Last July, we were matched with a birth mom who was scheduled to deliver a girl in November, but that match ultimately fell through. I was emotionally attached to that unborn child, so the loss was very painful for me, leaving me bereft and worried about the infant's welfare. After that experience, I was tempted to give up the search for my second daughter, because I couldn't imagine surviving another crushing disappointment. But deep down, I knew giving up wasn't really an option. It wasn't what Heavenly Father wanted from me or for me. So Will and I pressed on, considering every case our adoption agency brought to our attention. During December and January, we turned down several opportunities to adopt because the situations didn't feel right, even though some of them sounded ideal.
On Monday, January 24, our adoption agency contacted Will about two situations. The first was a little girl who would be born in Virginia around February 1. The second was a little girl who had been born in Alabama a few days earlier. This second little girl had been diagnosed with a congenital heart defect that would require at least three surgeries to repair. Both Will and I felt drawn to this second little girl; we were concerned for her well-being, and we wanted her to have a family that could provide all of the extra attention she would need. We talked about whether or not we could make it work and about Shelby's physical and emotional needs. Eventually, we convinced ourselves that we were not the best family for this second little girl. She would need more than we had to offer. We decided it would be best for everyone if we took the little girl in Virginia, so that's what we told our adoption agency we would do.
Over the next two days, Will and I tried to act enthusiastic about the baby in Virginia but instead found ourselves feeling unsure and asking each other, "You're excited, right?" During that time, I frequently wondered if our adoption agency had found a family for the Alabama baby. I was worried about her health and worried that no one would accept her. I wanted her to be loved and secure. I began to wonder if we had made the wrong decision, but I didn't know how to broach the subject with Will. Unbeknownst to me, Will had also been contemplating our decision. On Wednesday morning, he sent me a cryptic text message: "Rachel. On all the adoption situations we have talked about over the last few weeks, which do you think most about?" I decided to take the risk and tell him about my feelings for the Alabama baby.
Once we discovered that we were on the same page, Will contacted our adoption agency to find out if the Alabama baby had found a home. We learned that another family had considered taking her but ultimately decided against it because their first child also had a heart defect and had not yet completed her series of surgeries. Learning that the Alabama baby was still available was both relieving and terrifying. Relieving, because we desperately wanted her and we knew that God wanted us to take her. Terrifying, because we had to acknowledge the severity of her condition (which we knew so little about) and face the possibility that she might not survive her surgeries or reach adulthood. We were afraid, but we were also confident that we were making the right decision.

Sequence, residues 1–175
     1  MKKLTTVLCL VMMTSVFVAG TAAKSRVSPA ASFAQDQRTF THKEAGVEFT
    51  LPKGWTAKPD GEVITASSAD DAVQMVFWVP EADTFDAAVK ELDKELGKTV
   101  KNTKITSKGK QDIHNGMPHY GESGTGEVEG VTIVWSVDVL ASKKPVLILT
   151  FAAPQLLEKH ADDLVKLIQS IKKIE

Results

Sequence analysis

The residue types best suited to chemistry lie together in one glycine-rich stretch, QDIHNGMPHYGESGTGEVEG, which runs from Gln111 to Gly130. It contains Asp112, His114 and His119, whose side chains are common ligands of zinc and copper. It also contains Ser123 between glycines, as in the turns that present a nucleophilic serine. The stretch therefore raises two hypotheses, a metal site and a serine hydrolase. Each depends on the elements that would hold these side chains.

After counseling together, we contacted our adoption agency to let them know we had changed our minds. We would take the little girl in Alabama with the special heart.
After we made the call, Will was overcome with emotion. He was filled with fatherly devotion and concern and also humbled by the will of the Lord. I was filled with the Spirit of peace, a feeling I hadn't experienced since our first match fell through, and for the first time in months, I felt pure joy and relief.
I spent the next day (Thursday) getting all of my ducks in a row and delegating tasks to others so that I could leave for Alabama on Friday. Then, on Thursday evening, Will and I met with our adoption agency to sign paperwork. With just a few signatures, we became the legal parents of Daphne Jane Gainer.
photo Our first glimpse of Daphne Jane Gainer. This photo was taken by nurses in the UAB RNICU. When I saw the bow and Elmo vest, I knew our baby girl was in good hands, and I was filled with gratitude.
The most miraculous part of adoption is how the right babies find the right families. I'm so grateful that the Lord didn't give up on Will or me after we chose the wrong child. Working on us individually, the Spirit was able to change our hearts and turn us down the right path. Now we can face the challenges ahead with faith and confidence, knowing that the Lord is on our side and that He has a plan for our family and our little bundle of joy.